Otago has some of New Zealand’s largest and most pristine lakes, which are a recreational haven for boaties, fishermen, tourists, and swimmers. Some also provide hydro-electric power and support Otago’s agricultural industries with water for irrigation.
Summer monitoring: Our recreational monitoring of lakes starts in December and runs through until March.
The Southern Lakes – Lakes Wakatipu, Wanaka, and Hawea – hold stocks of salmon, rainbow trout, and brown trout and give anglers a world-class experience.
Lake Wakatipu is New Zealand's third-largest lake, being 80km long and covering 293 square kilometres. It averages 300 metres deep for over half its length. With Queenstown on its shoreline, Lake Wakatipu is one of New Zealand’s top tourist destinations all year round.
Not far from Lake Wakatipu lies Lake Wanaka, New Zealand's fourth-largest lake, covering 180 sq km. It is 45.5 kms long, 11.6 kms across at its widest, and up to 300m deep. Lake Wanaka’s warm summer makes it a popular spot for New Zealanders holidaying over the annual Christmas-New Year break.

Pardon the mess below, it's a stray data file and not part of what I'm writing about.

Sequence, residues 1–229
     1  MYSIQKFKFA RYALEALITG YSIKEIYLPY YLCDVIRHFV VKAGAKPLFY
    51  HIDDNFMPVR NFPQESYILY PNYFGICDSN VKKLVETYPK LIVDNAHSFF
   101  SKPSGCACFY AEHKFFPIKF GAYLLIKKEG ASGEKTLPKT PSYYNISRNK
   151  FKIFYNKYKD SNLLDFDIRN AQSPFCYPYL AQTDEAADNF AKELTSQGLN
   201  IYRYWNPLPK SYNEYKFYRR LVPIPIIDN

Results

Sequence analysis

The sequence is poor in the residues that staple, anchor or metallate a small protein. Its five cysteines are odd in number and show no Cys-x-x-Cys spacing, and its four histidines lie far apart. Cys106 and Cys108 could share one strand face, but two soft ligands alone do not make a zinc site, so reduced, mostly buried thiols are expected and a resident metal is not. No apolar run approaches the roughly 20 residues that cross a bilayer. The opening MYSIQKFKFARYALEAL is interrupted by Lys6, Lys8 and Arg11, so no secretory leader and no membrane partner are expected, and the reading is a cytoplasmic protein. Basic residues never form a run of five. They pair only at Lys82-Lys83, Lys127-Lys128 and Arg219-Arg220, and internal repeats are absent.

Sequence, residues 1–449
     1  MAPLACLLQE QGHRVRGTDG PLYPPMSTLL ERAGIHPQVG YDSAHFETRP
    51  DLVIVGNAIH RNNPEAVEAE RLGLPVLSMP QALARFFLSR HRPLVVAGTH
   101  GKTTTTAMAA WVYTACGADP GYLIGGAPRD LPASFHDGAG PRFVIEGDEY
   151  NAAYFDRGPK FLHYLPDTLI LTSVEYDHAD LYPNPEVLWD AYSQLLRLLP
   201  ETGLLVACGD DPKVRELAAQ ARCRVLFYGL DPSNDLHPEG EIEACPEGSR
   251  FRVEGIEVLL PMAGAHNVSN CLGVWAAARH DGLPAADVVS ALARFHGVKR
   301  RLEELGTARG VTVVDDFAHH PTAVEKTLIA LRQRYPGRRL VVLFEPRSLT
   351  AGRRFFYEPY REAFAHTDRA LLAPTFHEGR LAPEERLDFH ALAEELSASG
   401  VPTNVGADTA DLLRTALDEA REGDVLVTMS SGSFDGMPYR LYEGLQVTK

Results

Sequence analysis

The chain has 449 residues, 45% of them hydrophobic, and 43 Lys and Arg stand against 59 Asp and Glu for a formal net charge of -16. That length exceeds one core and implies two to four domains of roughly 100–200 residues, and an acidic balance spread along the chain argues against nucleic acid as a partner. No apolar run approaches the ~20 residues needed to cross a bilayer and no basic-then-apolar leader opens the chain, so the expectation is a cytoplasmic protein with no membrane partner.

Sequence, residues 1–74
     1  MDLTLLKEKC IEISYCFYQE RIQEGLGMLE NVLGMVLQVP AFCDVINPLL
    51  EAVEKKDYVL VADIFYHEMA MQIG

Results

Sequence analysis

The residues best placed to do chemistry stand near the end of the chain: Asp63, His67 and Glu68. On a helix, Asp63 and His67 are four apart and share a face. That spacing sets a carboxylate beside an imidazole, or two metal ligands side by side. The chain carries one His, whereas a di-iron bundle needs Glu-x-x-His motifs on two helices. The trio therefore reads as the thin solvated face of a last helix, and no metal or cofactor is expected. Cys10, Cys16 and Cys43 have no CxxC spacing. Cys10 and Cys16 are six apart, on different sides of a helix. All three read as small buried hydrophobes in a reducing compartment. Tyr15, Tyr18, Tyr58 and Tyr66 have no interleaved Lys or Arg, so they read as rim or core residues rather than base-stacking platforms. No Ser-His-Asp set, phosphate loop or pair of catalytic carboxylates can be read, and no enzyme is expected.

Lake Hawea is separated from Lake Wanaka by a narrow isthmus and is 35 km long. Although narrow, this lake plummets to a depth of 392m. Located on the route to the West Coast, Lake Hawea is surrounded by magnificent mountain ranges.
Several other lakes are located nearby, including Lake Dunstan and Lake Hayes. Lake Dunstan provides irrigation for nearby stone fruit orchards, vineyards, and farms, and is a major recreational area, with facilities for boating, waterskiing, fishing, parapenting, and rowing.
Lake Hayes is a good site from which to observe birdlife, including the introduced mallard, feral goose, the native black teal, Australasian crested grebe and the black shag. Exotic fish in the lake that can be taken recreationally include brown trout and perch, while native fish include upland bully, koaro, and long-finned eel.